Published on December 14, 2015
Oakley Flak 2.0
The Oakley Flak 2.0 is the latest offering from the sunglasses juggernaut that promise to take ‘performance to the next level.’ But is it really possible to justify a starting price tag of £140?
Here’s the thing with Oakley: they are a lifestyle brand, pure and simple. That’s not to suggest their sunnies aren’t outstanding (they invariably are), but owning and wearing a pair is as much about statement as anything else.
The Flak 2.0 difference
The Flak 2.0 offers a standard size frame, which in practical terms here for runners means smaller and lighter than iterations from elsewhere in the extensive range. The stripped back design leaves the Flak 2.0 coming in at a gossamer 25g and when it comes to running longer distances lack of weight can be key to comfort. The semi-rimless design, in addition to helping shave off excess weight, improves the downward field of vision so there’s nothing to obstruct or distract when trying to keep your footing on technical trail.
Comfort and fit
Weight, as we’ve noted already, is a key component to comfort but the Oakley Flak 2.0 takes that advantage and runs with it by adding a super-soft nosepad and ‘earsocks’, which extent the full length of the arms. Both points of contact are moulded from the superbly (ridiculously?) named ‘unobtainium’; soft, flexible and sweat-resistant, meaning there’s no slippage when things heat up. Or, indeed, when the rain comes down and you still need to use the Flaks as face-windscreens. In fact Oakley claim that unobtainium actually increases grip the wetter it gets – all RunningMonkey can say is that on test they didn’t fall off…
The overall fit is snug and relatively narrow so these aren’t going to suit every runner – as with shoes, it’s a case of try before you buy. There’s a decent curve to the front that keeps the lenses just far enough in front of the eyes, so those with lashes like a cow will have no cause for complaint.
Lens tech is, of course, where Oakley have forged their reputation (that and the lip-biting price) and the Flak 2.0 delivers exactly as you would expect. Created using the collection of patented technologies that Oakley call HDO – High Definition Optics – clarity and contrast proved outstanding on test. The ‘Prizm’ lenses are available in a range of spec designed to enhance the intended use (cycling, golf, etc.) with the Trail option, arguably best for running, giving 36% light transmission and perfect for increasing contrast and coping with changing light conditions.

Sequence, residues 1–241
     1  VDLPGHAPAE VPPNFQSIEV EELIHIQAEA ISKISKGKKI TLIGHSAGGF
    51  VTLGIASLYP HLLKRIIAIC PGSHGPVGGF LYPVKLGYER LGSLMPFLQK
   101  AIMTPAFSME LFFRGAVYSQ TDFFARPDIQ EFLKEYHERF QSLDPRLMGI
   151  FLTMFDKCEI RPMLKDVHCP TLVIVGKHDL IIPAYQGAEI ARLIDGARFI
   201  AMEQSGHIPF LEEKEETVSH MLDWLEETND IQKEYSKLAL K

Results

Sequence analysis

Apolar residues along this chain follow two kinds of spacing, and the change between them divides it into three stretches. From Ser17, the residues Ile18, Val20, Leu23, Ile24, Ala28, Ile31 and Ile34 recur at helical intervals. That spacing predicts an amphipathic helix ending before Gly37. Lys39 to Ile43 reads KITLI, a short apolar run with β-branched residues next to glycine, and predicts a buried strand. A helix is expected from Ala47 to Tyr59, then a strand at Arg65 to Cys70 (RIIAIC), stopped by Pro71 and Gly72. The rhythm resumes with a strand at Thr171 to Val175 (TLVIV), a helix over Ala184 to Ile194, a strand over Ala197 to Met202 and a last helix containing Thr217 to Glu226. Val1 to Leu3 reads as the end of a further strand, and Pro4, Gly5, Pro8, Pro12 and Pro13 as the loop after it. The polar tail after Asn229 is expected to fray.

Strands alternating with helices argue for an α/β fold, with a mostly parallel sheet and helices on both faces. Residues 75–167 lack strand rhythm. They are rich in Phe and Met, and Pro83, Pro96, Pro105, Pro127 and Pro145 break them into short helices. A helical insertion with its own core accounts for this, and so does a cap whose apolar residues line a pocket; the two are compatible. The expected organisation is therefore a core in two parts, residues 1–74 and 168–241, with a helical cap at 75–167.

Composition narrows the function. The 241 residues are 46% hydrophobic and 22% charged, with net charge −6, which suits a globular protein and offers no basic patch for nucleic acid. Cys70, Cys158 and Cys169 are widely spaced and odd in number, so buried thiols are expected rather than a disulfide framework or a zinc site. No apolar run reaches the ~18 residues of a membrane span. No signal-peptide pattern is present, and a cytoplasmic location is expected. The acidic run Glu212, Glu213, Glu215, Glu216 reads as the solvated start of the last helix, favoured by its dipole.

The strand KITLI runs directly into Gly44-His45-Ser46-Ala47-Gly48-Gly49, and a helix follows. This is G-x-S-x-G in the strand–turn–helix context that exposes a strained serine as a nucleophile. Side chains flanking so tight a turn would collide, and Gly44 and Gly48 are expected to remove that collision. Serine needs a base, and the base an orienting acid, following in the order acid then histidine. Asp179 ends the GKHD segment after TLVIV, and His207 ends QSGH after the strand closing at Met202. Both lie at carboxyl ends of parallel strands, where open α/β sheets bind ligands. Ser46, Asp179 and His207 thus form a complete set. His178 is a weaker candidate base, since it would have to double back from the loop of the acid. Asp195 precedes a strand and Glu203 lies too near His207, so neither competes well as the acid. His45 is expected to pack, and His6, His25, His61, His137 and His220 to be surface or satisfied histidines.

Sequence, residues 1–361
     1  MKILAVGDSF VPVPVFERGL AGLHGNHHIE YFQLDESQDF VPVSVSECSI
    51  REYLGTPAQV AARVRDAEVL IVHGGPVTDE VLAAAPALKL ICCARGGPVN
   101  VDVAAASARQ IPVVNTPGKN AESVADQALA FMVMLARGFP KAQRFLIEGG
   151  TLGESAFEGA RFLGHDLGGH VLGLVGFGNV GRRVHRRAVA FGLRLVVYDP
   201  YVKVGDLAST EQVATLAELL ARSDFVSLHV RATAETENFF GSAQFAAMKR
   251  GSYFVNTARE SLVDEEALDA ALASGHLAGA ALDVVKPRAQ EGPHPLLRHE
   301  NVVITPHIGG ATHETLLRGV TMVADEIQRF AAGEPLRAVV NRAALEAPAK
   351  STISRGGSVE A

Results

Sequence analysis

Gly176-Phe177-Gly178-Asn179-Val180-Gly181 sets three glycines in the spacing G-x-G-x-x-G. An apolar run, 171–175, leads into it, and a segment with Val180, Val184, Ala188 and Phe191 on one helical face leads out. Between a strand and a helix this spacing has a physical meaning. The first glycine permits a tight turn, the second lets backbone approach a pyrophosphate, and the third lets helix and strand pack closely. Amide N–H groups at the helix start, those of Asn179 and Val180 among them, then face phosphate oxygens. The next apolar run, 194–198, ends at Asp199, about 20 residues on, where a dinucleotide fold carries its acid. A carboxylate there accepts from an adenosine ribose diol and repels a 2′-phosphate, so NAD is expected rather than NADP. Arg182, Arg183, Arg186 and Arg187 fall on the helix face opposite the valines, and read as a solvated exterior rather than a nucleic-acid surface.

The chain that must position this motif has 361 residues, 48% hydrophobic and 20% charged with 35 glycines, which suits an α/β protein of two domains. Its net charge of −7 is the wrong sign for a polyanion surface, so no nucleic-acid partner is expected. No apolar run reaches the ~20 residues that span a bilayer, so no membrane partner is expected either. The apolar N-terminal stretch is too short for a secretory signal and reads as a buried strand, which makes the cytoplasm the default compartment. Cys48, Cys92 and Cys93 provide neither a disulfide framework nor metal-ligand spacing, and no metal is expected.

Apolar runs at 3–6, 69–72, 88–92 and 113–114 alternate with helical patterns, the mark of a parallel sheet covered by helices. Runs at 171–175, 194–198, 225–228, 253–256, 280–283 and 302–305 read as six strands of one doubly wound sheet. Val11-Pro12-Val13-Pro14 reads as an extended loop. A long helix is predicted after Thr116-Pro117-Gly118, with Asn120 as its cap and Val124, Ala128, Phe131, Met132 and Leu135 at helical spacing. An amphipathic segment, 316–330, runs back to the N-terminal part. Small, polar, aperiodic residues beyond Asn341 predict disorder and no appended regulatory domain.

There’s no mention that RunningMonkey could find on whether the Prizm lenses incorporated hydrophobic coating or not. However, on test in a somewhat vigorous cloudburst the Flak 2.0 didn’t seem to have any problem shedding water from the outer lens, so perhaps Oakley just forgot to mention it – as out of character as that sounds to us.
Options and Flak 2.0 prices
There are over a dozen Oakley Flak 2.0 variants to choose from and even once runners have discounted those broadly intended for other sports there are still choices to be made. The XL edition – one of the cheapest options at £130 – brings extended lens coverage and curvature, whilst the ‘Asian fit’ is specifically designed, no surprise, for the Asian consumer. A number of iterations – though far from all – also include a choice of frame colours. The average price across the board is £140 (including the ‘standard’ Trail) but additions like polarized or photochromatic lenses sees prices hit £170.
So, can we really justify those steep, steep prices? Ultimately it’s a matter of personal priority – the lenses are, undoubtedly, superb and fit and comfort impressed us greatly. But RunningMonkey can’t help feeling that sunnies, like running gloves, are only temporarily owned and it would break out heart to leave a £140-worth of sunglasses at a CP…